Most of the time when I write my weekly post, I am focused on apparitions. Specters in the bedroom, or down the hall or on the staircase or in a picture or even looking back at you from your own mirror. Here's the thing, though: most of the ghosts I write about are things that are seen. I once took a preferred-learning-mode test and found out that I learn things 98% visually. Maybe that's why most of my descriptions are about what can be seen.
So this time, maybe I'll connect with the auditory learners I know and go for spectral sounds. And now that I think of it, sound is probably as scary if not scarier than vision when it comes to the supernatural. Who hasn't heard that unexplained thump in the deserted basement, or the voice in the other empty room? Who hasn't heard the sound of a door closing or creaking open, or those footsteps approaching you when you know that all the doors are locked and you're home alone?
There is also an ability called "clairaudient" as opposed to "clairvoyant" and it has to do with hearing voices. Now, before everyone starts going down the roads of psychotic episodes or schizophrenia, let's talk about this. Just as some people seem to have the ability to see dead people, some others (or in some cases, the same people) also have the ability to hear dead people. I looked into this a little, and every site I checked out specifically mentioned hearing the voices of the dead. I guess those of us hearing the other kinds of noises -the thumps, the bangs, the footsteps- are hearing what those spirits can do, not what they say.
I had a friend who was clairaudient. This made sleeping in new or different places extremely difficult for her, because she would hear people talking, even if there were no possible way there were actual people speaking anywhere in earshot. She had an apartment in San Francisco that got on her nerves for the year or so that she leased it because she could hear conversations in her rooms, and was able to verify that it wasn't due to people on the street or coming from neighbors in adjacent apartments. Whatever or whoever was talking would frequently whisper into her ear, literally. Especially when she was in bed. YIKES. I'm no longer in touch with her but I wonder sometimes if she lives with earbuds in her ears twenty-four, seven. I think I might. I also would have left that apartment a lot sooner than she did.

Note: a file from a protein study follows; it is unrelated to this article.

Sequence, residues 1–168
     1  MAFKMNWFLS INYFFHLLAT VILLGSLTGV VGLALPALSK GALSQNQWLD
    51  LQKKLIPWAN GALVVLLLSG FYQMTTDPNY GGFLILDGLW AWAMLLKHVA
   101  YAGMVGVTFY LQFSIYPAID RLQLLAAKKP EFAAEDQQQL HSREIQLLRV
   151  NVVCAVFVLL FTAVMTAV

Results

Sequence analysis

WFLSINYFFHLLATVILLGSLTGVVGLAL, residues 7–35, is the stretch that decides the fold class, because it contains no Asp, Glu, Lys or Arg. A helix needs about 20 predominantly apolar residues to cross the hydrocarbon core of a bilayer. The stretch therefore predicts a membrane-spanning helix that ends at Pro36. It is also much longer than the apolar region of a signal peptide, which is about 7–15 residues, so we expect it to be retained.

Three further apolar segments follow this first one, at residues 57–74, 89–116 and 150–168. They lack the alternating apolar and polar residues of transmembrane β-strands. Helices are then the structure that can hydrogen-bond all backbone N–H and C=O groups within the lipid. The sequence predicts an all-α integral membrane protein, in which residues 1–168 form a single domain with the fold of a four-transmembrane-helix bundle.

I have given two of my characters a bit of this ability: Cassie Valentine from the BPC series, and Philip Corts from Saving Jake and Missing Persons. (Well, I guess Michael Penfield had a little bit of that in Dead Voices, but for the most part he's all about seeing the dead.) Neither Cassie nor Corts always hears the dead speaking, but there are times that they do. I don't envy them that.
I guess the closest I ever got to it were the few totally creepy occasions when I heard a child call my name, back in the old house where I grew up. That is very unsettling because it is not a voice you recognize, but it fricking know who you are. Luckily, I don't think this ever happened to me more than twice. I think. I was more likely to hear that same child's voice singing something not discernible, but definitely singing. That wasn't the most comfortable thing either.
So since I don't have experience in this area, it has not turned up much in my work so far, but it's something to consider. I'd need to do more research. And maybe find someone with that ability who was willing to talk to me. (If you're reading this and you are clairaudient, hey, email me through my website or something!)
In the meantime, I guess I am fine with both my characters' and my own tendencies to hear the noises ghosts make as opposed to the words they might whisper. In fact, let's keep it that way.